“Die Zeit die ist ein sonderbar Ding.” Time is also a flexible thing in the Met’s current Der Rosenkavalier, where director Robert Carsen has updated the period from Hugo von Hofmannsthal and RIchard Strauss’s original setting—the 18th Century—to 1911, the year of the work’s premiere.
Makes sense, right? Well, yes and no. It certainly lends itself to sumptuous interiors and gorgeous costumes, including resplendent uniforms for Octavian and Baron Ochs, who here looks less like a bloated nobleman and more like a swaggering military peacock. And of course, the theme of Rosenkavalier—a gorgeously rich tapestry which unfurls as we see an old world give way to a new one—is a metaphor for a seismic change in the early 20th Century that gripped many artists (think of Schoenberg, Mahler, Berg, and so many more).
In librettist Hofmannsthal’s setting, the 18th century serves as a layer, a metaphor. We understand the cyclical nature of shifting time, fortunes, and political control; we see that what happened 200 years before was, in some fundamental sense, happening again. The time period meant enough to the team that they used it also as a layer in Ariadne auf Naxos (and Strauss with librettist Clemens Kraus used it again later in Capriccio).
What Carsen does is essentially to plane away the multiple resonances of Rosenkavalier’s libretto into a single one. It’s reductive, but hardly the most egregious gaucherie in a show that over three long acts goes from simplistic to disastrous.
SInce the co-production landed at the Met in 2017, much ink has been spilled over Act III in particular, where Hofmannsthal’s rather traditional if noisy tavern here becomes a lurid whorehoue and strip club. But even dumber misreadings occur throughout.
The end of Act I with its heartstopping postlude is meant to leave the Marschallin alone in silent contemplation; instead, Carsen has her heading out to start her day. Act II begins with an enormous cannon rolled onstage. (Yeah, Ochs is obsessed with his potency—we get it.) Moments later, what appears to be a road company of My Fair Lady is mystifyingly playing upstage. Even the iconic silver rose itself is tacky, looking more like a rhinestone lawn ornament.
Fortunately, the musical side is also “ein anderer Ding.” The current Met revival, while not perfect, has much to feel joyful and excited about.
Samantha Hankey stepped in as Octavian rather late in the day (replacing the originally announced Isabel Leonard). Hankey’s lustrous, darkly-colored mezzo easily traversed every aspect of this often high-lying role (truly, I think the writing is more soprano than mezzo) with impeccable grace and class. She came to vivid comedic life particularly as Mariandl in Act III—a device I often find tedious—was suddenly delightful. She can, and I’m sure will, find more aristocratic bearing in the rest of the role (and in another production where she’s not stuck in a nightshirt for much of Act I), but Hankey deserved the triumphant applause she received at the final curtain.
So did Lise Davidsen in her role debut as the Marschallin, though here too I think there’s room for dramatic growth. The thrill of Davidsen’s amber-colored soprano, an absolutely even column of sound with Niagara-like power, is its own reward. But here, in a role that generally wants something more delicate, she was also able to refine that sound with no loss of color or support. If some of the key phrases (“da drinn ist die silberne Ros’n” at the close of Act I) didn’t quite float, they were genuinely pianissimo. And Davidsen cuts a sympathetic figure on stage.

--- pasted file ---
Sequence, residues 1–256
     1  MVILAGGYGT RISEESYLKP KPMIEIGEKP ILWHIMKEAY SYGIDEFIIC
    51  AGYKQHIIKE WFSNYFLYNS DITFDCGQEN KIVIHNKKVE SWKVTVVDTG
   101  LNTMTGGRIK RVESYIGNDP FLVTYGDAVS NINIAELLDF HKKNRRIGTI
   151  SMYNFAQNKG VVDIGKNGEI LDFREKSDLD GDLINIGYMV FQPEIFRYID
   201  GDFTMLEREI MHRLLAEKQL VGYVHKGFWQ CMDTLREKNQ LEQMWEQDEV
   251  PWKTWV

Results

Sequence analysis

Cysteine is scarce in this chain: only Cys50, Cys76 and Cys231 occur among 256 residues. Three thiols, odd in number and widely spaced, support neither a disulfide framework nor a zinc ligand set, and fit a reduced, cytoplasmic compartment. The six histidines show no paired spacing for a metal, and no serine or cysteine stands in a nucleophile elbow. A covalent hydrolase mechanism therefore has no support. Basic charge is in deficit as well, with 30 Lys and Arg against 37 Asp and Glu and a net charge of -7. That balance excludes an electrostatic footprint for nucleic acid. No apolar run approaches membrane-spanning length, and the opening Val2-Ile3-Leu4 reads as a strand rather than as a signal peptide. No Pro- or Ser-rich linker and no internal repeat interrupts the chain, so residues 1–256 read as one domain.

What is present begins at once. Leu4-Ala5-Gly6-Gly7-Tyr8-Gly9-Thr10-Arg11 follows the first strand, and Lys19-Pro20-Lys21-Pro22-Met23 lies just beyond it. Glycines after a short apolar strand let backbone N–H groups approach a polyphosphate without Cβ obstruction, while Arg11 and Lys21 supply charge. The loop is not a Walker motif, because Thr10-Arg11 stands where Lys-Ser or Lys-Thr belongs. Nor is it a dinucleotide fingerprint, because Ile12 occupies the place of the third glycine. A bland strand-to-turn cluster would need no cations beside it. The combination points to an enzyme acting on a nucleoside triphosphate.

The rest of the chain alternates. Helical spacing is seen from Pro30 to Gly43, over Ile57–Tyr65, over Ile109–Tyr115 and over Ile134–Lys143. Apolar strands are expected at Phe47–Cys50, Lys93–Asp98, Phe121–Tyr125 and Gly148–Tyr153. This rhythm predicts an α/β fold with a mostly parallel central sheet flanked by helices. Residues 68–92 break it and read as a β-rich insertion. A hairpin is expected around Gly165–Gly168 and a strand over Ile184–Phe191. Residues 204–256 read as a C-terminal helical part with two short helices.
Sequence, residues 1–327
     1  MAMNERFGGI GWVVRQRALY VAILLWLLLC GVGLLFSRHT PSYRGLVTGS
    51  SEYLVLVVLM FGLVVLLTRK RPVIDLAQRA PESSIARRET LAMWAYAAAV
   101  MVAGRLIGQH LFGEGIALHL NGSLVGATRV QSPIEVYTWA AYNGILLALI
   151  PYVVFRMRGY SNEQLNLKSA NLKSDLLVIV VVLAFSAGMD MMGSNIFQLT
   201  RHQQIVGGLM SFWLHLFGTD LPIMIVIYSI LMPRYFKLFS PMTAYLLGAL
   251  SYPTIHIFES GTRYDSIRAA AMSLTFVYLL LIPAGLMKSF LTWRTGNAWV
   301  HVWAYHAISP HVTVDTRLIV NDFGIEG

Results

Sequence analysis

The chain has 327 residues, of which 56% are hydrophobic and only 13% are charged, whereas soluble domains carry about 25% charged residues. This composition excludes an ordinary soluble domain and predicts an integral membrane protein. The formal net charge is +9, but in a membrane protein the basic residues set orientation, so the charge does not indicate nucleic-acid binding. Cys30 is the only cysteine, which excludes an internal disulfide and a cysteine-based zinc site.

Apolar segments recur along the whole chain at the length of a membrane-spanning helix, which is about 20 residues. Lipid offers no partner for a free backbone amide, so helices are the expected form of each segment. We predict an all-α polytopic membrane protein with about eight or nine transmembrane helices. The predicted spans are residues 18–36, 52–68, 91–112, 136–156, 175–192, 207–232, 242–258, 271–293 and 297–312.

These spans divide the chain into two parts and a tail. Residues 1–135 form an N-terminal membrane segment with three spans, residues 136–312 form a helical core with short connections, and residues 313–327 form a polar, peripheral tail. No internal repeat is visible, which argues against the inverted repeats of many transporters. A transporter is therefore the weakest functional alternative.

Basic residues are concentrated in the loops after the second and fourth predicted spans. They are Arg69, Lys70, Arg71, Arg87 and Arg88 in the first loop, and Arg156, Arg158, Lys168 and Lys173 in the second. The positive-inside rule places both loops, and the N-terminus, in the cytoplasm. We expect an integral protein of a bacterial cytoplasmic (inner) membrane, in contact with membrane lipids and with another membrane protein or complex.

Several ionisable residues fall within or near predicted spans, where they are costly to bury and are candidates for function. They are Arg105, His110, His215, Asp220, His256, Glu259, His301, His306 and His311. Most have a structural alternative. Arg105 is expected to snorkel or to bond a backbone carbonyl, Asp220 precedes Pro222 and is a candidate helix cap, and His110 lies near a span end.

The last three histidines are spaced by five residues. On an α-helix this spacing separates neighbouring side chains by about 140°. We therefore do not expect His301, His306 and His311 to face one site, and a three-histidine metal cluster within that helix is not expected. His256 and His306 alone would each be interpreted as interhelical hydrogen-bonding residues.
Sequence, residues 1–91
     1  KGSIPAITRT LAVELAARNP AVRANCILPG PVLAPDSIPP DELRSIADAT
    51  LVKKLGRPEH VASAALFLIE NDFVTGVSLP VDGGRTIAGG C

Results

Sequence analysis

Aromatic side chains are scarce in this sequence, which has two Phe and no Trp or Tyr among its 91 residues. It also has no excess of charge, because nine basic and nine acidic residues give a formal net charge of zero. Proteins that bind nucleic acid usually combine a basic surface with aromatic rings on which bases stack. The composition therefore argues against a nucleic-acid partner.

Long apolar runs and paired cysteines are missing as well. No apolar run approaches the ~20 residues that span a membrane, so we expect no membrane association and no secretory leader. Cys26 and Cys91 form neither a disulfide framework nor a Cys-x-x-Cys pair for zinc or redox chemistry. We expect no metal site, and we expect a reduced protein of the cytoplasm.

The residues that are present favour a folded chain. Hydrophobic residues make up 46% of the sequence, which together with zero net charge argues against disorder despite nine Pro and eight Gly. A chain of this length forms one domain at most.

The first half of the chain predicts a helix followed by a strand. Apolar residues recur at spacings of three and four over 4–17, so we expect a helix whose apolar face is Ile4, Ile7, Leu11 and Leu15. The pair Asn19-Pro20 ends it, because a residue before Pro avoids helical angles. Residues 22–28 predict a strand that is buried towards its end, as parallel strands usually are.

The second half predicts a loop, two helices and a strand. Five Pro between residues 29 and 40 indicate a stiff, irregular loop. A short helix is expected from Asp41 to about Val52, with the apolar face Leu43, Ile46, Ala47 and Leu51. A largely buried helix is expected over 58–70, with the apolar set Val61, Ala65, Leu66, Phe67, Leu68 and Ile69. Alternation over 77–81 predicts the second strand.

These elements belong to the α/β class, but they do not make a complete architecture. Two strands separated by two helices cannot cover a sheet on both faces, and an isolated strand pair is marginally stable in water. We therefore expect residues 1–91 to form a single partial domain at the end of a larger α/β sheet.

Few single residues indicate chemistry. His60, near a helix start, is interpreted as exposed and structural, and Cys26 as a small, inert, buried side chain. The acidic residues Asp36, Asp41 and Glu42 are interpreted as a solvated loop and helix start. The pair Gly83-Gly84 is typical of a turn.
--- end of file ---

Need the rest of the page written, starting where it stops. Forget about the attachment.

What’s not quite there yet—and important for a Marschallin—is a Lieder singer’s specificity with text, as well as the quicksilver changes of mood that mark a truly great interpreter in this role. But there’s every reason to think these will come with experience.
Erin Morley’s Sophie, familiar at the Met, was charming and exceptionally well-sung, though the timbre is a bit more soubrettish than I’d like. Baritone Brian Mulligan was a vocally and dramatically refulgent Faninal, and good supporting work was done by Katharine Goeldner (Annina), Thomas Ebenstein (Valzacchi), and Alexandra LoBianco (Marianne Leitmetzerin). René Barbera sounded secure but small-scale as the Italian Singer; he’s also ill-served by the silliness of Carsen’s conception here.
And then there’s Günther Groissböck’s Baron Ochs. A native Austrian, he masters the fast parlando narratives more completely than the other singers here, and he certainly has worked through the characterization in detail. Vocally, he lacks the oomph at the bottom that the role really needs, but when this production debuted, much was made of his sexy brutishness, an unusual but valid take on the role. As seen last night, though, he now leans deeply into more traditional schtick in a performance riddled with “bits.” One step further, and he could be playing Roger DeBris in The Producers.
Conductor Simone Young, back at the Met after more than two decades, gave a curious reading of the score, sometimes propulsive and lacking in Romantic sweep. Effective in moments, it lacked cohesive shape, and frankly it was not the orchestra’s finest hour either. It can’t have helped the the evening began with a worrying power failure that got things off to a late start. But when there was light… there was light!
Photos: Ken Howard / Met Opera